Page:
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Vera Will Fight Anyone

"I said, ‘Let’s go.’ I know they have different styles, but I’m prepared, I’m in shape, and I’m willing to fight anybody because that’s the only way to get to the top."

After back-to-back finishes of Wuliji Buren and Guido Cannetti that put him back on track to crack the bantamweight top 15, Marlon Vera had the perfect fight to achieve that goal in the form of Thomas Almeida. But when Almeida was forced from the UFC 235 bout due to injury, “Chito” was a man without an opponent.

“I was excited for the Almeida fight,” said Vera. “I was ready to go, and I was willing to bleed and willing to go crazy in there to make it happen for the fans. So, of course, I was looking forward to taking him out and taking his spot. He got hurt, nothing changed. I didn’t get sad, and the motivation is the same because it wasn’t meant to be.” 

And Vera still wanted to fight. He wished Almeida well for a speedy recovery and then let his manager know that he had no intention of giving his spot on the March 2 card up.

“They offered me a list of five names,” Vera said. “My answer was, ‘The first mother**ker to say they’ll take the fight, let’s go for that one. I don’t care who it is.’ They called me two days after with Frankie Saenz. He wasn’t on the list, but I said, ‘Let’s go.’ I know they have different styles, but I’m prepared, I’m in shape, and I’m willing to fight anybody because that’s the only way to get to the top. I’m not picking opponents or styles. I’ll fight whoever’s in front of me.”

BUENOS AIRES, ARGENTINA - NOVEMBER 17: (R-L) Marlon Vera of Ecuador punches Guido Cannetti of Argentina in their bantamweight bout during the UFC Fight Night event inside Arena Parque Roca on November 17, 2018 in Buenos Aires, Argentina. (Photo by Alexandre Schneider/Zuffa LLC/Zuffa LLC via Getty Images)
BUENOS AIRES, ARGENTINA - NOVEMBER 17: (R-L) Marlon Vera of Ecuador punches Guido Cannetti of Argentina in their bantamweight bout during the UFC Fight Night event inside Arena Parque Roca on November 17, 2018 in Buenos Aires, Argentina. (Photo by Alexand

So Vera vs Saenz it was, though not on March 2, as a fight week illness suffered by Vera pushed the bout to this Saturday’s card in Nashville. And whether in Nevada or Tennessee, the 26-year-old is hungry to out the gloves on and attempt to push his winning streak to three.

“It feels great, I’ve got good momentum, I feel motivated, I feel sharp and I just love to be active,” he said. “That, and being healthy, is the most important part for me.”

With ten fights already under his belt in the UFC, Vera has had a nice run in the Octagon, and after some starts and stops, a win over Saenz will set the stage for him to make his move on the 135-pound elite.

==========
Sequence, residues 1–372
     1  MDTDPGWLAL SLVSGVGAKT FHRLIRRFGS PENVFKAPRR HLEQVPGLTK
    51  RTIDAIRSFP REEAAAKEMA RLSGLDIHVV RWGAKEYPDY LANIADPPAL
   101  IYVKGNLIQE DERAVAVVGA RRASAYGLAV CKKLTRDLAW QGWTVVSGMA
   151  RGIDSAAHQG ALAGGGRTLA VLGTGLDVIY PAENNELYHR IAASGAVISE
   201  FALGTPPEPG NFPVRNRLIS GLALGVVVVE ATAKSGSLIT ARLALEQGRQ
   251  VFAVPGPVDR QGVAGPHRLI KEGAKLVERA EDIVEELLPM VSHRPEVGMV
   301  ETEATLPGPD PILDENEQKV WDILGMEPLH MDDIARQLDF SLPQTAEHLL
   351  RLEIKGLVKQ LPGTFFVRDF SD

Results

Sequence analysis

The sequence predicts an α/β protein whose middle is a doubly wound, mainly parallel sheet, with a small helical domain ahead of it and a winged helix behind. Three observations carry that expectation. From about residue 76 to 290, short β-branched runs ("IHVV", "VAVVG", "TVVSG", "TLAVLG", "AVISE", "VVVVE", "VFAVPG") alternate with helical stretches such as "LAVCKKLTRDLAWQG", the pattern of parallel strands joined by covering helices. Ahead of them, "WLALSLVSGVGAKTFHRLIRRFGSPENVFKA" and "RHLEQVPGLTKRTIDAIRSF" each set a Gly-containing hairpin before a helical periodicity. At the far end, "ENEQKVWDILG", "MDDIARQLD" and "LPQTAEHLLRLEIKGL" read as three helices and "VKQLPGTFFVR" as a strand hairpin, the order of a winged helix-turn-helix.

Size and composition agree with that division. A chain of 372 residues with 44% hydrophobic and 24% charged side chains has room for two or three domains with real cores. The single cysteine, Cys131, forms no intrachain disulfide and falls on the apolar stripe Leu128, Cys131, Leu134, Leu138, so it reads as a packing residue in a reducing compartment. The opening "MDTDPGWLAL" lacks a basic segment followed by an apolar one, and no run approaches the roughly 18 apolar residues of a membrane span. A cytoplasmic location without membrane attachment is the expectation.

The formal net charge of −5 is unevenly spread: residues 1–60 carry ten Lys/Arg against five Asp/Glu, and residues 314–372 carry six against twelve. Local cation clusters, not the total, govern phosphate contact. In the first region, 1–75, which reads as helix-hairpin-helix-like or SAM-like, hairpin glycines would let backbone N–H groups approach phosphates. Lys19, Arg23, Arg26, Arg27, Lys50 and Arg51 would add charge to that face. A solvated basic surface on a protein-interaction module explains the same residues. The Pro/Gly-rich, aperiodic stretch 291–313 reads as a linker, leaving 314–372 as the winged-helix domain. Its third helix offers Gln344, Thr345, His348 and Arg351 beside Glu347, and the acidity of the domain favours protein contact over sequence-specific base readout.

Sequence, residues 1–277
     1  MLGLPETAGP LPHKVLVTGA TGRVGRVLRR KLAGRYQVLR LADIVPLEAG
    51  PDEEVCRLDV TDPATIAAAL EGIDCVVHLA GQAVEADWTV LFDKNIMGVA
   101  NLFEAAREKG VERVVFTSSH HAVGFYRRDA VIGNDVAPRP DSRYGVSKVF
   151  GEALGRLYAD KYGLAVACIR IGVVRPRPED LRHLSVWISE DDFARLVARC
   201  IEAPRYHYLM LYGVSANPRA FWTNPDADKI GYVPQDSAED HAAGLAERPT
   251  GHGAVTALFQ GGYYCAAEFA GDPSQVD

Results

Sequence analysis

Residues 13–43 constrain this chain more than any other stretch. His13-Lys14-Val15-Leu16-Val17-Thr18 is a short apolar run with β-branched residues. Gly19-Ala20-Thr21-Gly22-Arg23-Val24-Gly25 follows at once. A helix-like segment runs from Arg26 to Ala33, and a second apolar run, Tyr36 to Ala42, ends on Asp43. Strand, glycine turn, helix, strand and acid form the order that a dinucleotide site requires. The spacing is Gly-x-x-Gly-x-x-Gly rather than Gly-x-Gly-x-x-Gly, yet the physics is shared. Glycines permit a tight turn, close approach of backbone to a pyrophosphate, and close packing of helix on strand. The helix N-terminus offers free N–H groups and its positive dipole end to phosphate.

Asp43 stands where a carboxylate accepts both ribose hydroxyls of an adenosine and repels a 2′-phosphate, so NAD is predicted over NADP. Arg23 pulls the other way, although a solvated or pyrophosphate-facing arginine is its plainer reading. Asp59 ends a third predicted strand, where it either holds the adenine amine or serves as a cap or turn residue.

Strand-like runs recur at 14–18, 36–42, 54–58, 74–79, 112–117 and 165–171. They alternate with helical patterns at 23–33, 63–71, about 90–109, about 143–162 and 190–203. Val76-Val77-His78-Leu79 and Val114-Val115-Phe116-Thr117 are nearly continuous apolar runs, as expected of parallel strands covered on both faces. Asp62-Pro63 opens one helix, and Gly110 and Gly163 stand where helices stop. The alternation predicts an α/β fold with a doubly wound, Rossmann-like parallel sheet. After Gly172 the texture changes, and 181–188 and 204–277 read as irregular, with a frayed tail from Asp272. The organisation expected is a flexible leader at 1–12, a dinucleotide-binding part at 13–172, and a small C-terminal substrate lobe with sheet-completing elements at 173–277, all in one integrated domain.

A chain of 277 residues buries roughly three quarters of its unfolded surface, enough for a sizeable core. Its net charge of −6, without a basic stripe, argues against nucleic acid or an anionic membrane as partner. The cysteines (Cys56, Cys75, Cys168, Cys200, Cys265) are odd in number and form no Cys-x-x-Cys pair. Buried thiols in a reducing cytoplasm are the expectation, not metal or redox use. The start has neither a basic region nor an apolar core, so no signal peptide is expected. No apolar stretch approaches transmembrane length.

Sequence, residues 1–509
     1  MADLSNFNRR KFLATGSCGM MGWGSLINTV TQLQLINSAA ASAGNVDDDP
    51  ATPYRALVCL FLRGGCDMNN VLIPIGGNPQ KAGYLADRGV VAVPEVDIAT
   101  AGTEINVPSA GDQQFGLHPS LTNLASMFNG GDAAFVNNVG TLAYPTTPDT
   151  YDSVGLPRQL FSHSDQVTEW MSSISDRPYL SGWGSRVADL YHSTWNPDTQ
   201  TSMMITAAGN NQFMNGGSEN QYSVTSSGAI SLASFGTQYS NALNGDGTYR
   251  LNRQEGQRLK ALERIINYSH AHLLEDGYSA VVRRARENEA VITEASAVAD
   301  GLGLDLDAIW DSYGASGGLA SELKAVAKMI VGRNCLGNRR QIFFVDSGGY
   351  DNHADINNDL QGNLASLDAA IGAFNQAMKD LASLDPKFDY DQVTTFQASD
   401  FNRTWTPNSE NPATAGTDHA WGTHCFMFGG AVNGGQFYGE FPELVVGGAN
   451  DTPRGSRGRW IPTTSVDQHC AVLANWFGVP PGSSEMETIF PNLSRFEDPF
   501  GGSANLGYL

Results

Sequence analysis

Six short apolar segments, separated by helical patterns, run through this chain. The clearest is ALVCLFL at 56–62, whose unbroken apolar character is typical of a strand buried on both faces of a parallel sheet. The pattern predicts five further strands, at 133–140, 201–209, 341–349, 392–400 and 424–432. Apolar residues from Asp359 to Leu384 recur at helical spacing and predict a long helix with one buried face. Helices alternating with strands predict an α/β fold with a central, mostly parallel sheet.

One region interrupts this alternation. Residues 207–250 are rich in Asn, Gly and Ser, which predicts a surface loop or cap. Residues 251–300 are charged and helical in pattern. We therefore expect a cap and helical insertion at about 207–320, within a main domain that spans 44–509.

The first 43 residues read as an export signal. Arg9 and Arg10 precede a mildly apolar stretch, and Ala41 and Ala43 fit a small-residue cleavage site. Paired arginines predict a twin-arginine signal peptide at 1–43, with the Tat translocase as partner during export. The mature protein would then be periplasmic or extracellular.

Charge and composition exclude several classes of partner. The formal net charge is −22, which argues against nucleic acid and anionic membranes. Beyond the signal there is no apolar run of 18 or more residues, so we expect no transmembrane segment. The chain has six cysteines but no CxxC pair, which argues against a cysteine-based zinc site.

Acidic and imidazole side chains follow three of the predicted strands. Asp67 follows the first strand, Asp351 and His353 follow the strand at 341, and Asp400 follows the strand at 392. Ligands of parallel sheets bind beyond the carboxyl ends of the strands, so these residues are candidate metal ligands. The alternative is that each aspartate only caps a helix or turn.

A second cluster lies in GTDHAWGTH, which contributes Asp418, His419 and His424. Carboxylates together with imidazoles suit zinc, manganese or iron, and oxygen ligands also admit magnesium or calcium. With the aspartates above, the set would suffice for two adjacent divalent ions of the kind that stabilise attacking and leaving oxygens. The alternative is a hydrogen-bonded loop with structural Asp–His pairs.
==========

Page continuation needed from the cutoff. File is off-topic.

“Honestly, I’m chasing that momentum, and I want to make it happen this year,” he said. “I want to climb the rankings, I want to be able to put on big fights and be able to put on a show. A lot of people want to get to the top, but they don’t want to work for it. I’m working for it, so that when I get there, I will be prepared to perform and execute what I want.”

And though a big part of his motivation on the way up the ranks was to get the money for the surgery to treat his daughter’s Moebius syndrome, now that the surgery is done and Ana Paula is smiling, Vera has lost none of his hunger to succeed, not just for himself, but for his wife and three kids.
 

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“It’s the same thing that motivated me when I started – my family, my kids,” he said. “The surgery is already done and it’s not a weight on my shoulders. I will never have to answer the question, ‘Dad, why did you never make it happen, why didn’t you raise the money?’ I won’t have that question, so I don’t have anything to torture me anymore. My heart is not sad anymore because I don’t see my daughter smiling the way my other two kids smile, so now my heart is warm, my mood is always positive, and my family’s doing good. I just keep the same drive as before the surgery, and it’s for my kids and providing what they need and making them happy and trying to make them the best people they can be, and go from there. And the drive is always there.”

That drive makes Marlon Vera a dangerous fighter, and nothing more needs to be said. But the Ecuador native is also a smart fighter, and he knows that sometimes a little pre-fight gamesmanship isn’t a bad thing. But as he points out, when it comes to his matchup with Saenz, it isn’t personal, just business.

“This is an entertainment business, so sometimes you have to put a little spice in the food to taste better, and I’m willing to put all the spice in there if I have to,” he said. “But I have zero feelings about. I’m not taking anything personal. He (Saenz) was free, I was free, so let’s fight. I expect he wants to make some money, so he will make one check that night, and I’m making two.”